Brighton is a city near Birmingham, Alabama, United States and located just east
Hueytown. At the 2020 census, the population was 2,337. It is part of the Birmingham-Hoover
Statistical Area, which in 2010 had a population of about 1,128,047, approximately one-quarter of
It is one of four cities in Jefferson County named after cities in Great Britain. Many of the city's
early settlers were of English descent; they named the town after the English tourist and resort
Brighton, which is located on the English Channel.
Brighton was not settled by European Americans until the late 19th century. Brighton was
officially founded in 1892, when developer G.B. Edwards subdivided a tract of land and
lots. It was named after Brighton, East Sussex in England UK. It was situated along a
railroad line built in 1889 by the Bessemer & Birmingham Railroad Company to connect
growing industrial cities.
The Old Huntsville Road was renamed as Main Street and the city was incorporated in
that year, at least 100 families were living in Brighton. The town had a population of
the 1910 census, with seventeen commercial establishments, including eight grocery
The city's fortunes have been closely linked to those of Woodward Iron Company. Together
coal mining in this area, the iron company was integral to the industrial development in
part of Alabama, which is based on the much larger cities of Birmingham, Bessemer, and
After industrial restructuring in the late 1970s and when the iron company moved out,
has declined in population since its peak in 1980.
Brighton Cemetery, which is still operating, contains the graves of persons of
Scottish, English and German descent who came to work at Woodward.
In August 1908, coal miner and union leader William Miller, who was black, was accused of
the home of a white mine operator Finley Fuller. It was during a period of labor unrest as mine
workers tried to organize unions. Miller was lynched by a white mob that dragged him out of the
Brighton jail. They hanged and killed him not far from Brighton City Hall. Later, it was found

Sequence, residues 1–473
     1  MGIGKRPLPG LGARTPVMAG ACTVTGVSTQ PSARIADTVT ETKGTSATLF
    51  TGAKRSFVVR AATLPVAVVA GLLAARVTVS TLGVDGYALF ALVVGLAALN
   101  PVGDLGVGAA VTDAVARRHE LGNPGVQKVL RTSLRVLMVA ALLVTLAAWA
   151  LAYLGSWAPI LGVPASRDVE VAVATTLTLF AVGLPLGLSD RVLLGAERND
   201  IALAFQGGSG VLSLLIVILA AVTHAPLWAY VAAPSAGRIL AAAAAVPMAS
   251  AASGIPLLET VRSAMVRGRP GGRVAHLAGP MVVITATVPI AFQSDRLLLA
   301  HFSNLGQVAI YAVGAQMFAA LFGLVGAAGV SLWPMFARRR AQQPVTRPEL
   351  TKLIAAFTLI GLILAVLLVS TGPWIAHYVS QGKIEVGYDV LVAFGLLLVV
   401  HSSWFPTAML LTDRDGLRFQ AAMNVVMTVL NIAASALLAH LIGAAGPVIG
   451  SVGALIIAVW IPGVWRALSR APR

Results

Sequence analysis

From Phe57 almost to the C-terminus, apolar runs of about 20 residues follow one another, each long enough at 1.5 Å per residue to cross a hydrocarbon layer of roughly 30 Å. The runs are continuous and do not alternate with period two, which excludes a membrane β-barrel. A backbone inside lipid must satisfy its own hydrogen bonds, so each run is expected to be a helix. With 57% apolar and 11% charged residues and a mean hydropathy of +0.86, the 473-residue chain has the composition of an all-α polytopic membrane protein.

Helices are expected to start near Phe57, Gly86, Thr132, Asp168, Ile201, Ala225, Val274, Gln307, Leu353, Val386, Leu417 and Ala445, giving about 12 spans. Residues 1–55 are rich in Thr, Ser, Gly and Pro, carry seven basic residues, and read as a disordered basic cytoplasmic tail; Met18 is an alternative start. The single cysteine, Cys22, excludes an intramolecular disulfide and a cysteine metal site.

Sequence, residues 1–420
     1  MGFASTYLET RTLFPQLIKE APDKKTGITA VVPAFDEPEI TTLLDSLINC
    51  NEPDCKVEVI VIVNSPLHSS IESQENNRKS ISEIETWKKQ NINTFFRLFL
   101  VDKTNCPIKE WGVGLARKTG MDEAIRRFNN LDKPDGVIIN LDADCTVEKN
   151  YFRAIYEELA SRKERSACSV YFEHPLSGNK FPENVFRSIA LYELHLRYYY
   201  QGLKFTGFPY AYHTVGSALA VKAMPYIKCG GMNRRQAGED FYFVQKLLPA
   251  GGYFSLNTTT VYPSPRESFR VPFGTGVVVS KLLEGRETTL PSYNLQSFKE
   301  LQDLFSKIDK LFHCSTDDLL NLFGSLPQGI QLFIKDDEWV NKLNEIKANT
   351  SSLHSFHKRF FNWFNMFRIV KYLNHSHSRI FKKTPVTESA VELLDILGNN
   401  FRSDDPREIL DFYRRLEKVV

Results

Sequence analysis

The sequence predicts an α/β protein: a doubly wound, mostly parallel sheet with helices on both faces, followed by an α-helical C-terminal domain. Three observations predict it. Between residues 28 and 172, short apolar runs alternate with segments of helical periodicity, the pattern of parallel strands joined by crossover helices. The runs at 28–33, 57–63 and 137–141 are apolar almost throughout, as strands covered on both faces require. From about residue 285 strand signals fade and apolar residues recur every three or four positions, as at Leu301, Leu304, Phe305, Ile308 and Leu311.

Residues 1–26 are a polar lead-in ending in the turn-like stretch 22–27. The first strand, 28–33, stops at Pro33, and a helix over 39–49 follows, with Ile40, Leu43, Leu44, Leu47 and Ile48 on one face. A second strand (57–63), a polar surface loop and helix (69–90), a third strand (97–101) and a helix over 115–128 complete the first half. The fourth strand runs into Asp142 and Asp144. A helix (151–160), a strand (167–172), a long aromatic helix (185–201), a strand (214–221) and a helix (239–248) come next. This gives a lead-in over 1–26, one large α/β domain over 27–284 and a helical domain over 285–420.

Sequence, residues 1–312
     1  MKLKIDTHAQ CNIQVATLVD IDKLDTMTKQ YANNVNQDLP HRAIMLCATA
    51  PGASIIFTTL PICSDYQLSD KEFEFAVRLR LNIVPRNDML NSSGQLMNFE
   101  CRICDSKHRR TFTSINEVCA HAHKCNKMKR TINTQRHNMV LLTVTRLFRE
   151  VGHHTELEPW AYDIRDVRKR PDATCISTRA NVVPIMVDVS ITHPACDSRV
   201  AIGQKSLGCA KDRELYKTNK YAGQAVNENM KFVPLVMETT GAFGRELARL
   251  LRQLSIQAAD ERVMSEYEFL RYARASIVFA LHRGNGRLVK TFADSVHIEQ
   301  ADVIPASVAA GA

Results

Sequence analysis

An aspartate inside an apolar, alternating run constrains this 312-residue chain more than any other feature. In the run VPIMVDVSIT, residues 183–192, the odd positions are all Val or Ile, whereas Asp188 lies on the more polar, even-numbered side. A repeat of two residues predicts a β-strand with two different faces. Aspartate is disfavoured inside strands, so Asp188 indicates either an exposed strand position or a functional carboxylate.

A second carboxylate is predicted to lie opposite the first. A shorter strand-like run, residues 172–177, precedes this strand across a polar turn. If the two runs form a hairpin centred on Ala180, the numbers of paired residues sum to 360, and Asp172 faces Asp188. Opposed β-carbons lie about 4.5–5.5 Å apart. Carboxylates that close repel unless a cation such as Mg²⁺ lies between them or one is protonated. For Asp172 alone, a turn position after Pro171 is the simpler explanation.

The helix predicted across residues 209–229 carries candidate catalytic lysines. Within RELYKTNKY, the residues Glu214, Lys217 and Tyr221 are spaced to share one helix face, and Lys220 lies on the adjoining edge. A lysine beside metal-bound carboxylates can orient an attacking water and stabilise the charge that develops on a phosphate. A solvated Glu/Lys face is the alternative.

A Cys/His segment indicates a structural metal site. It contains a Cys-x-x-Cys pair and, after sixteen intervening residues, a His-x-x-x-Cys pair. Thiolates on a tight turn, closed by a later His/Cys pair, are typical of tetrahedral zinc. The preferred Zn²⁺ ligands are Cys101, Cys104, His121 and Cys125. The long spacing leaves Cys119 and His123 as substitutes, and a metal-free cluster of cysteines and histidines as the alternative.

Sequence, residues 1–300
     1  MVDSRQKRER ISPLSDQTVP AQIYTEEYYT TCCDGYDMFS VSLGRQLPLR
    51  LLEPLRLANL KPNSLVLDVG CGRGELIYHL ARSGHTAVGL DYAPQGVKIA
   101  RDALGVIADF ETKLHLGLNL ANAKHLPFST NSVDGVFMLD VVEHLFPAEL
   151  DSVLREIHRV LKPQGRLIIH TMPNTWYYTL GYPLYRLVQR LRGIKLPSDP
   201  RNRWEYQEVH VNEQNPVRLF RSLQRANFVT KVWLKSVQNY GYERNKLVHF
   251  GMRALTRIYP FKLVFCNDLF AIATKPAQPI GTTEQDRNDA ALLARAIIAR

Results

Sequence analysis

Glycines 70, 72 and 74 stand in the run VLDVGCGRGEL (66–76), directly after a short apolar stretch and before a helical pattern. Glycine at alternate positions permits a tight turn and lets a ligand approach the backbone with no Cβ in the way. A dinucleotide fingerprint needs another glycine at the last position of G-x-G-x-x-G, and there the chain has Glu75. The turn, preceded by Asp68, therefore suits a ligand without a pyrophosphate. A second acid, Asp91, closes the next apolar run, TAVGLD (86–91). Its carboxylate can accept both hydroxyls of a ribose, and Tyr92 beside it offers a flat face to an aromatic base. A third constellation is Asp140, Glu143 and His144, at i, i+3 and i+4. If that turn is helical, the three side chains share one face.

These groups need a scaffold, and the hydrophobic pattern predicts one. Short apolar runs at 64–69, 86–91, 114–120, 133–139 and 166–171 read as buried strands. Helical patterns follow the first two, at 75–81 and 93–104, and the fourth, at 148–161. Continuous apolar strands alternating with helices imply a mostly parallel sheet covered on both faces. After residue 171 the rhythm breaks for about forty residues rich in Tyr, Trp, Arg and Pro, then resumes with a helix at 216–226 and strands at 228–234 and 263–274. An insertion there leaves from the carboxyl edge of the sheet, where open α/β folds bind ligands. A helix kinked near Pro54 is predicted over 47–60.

whites opposed to unionization had bombed Fuller's home; by linking the crime to a black man,
intended to increase general opposition to the union's drive for better wages.
In 2015, after the Equal Justice Initiative (EJI) published its study Lynching in America:
Confronting the Legacy of Racial Terror, the city of Brighton resolved to place a historical
to commemorate Miller for his work with the union and as a victim of lynching. They worked in
cooperation with EJI and placed the marker in a ceremony near City Hall. Brighton was the first
in Alabama to install such a memorial. In a related effort, scholarships will be awarded to high
school students for writing essays about Alabama's racial history.
Mayor : Eddie Cooper
Brighton's population according to the 2010 Census was 2,945. Of that number, 81 percent identified
themselves as African American, 13.8 percent as Hispanic, 6.5 percent as white, 1 percent as Native
American, and 0.9 percent as two or more races. The town's median household income was $25,929 and
the per capita income was $14,858.
The city of Birmingham has a population of 209,880 (U.S. Census Bureau estimate, 2019) and is the
hub of the Birmingham-Hoover Metropolitan Area with a population of 1.1 million. The
Metro is the largest population and economic region in the state of Alabama.
Schools in Brighton are part of the Jefferson County School District; the town has approximately 350
students and 28 teachers in one middle school. The city lies within 10 miles of five colleges and universities,
including the University of Alabama at Birmingham and Birmingham-Southern College.
Interstate Highway 59, running north, lies approximately one mile west of Brighton. The city is about
10 miles southwest of Birmingham-Shuttlesworth International Airport.
Brighton's workforce in 2010 was divided among the following industrial categories:
· Educational services, and health care and social assistance (20.1 percent)
· Arts, entertainment, recreation, and accommodation and food services (15.9 percent)
· Professional, scientific, management, and administrative and waste management services (11.4 percent)
· Retail trade (11.4 percent)
· Finance, insurance, and real estate, rental, and leasing (10.8 percent)
· Construction (6.8 percent)
· Public administration (5.9 percent)
· Manufacturing (4.5 percent)
· Wholesale trade (3.7 percent)
· Information (3.6 percent)
· Transportation and warehousing and utilities (3.0 percent)
· Other services, except public administration (2.2 percent)
· Agriculture, forestry, fishing and hunting, and extractive (0.7 percent)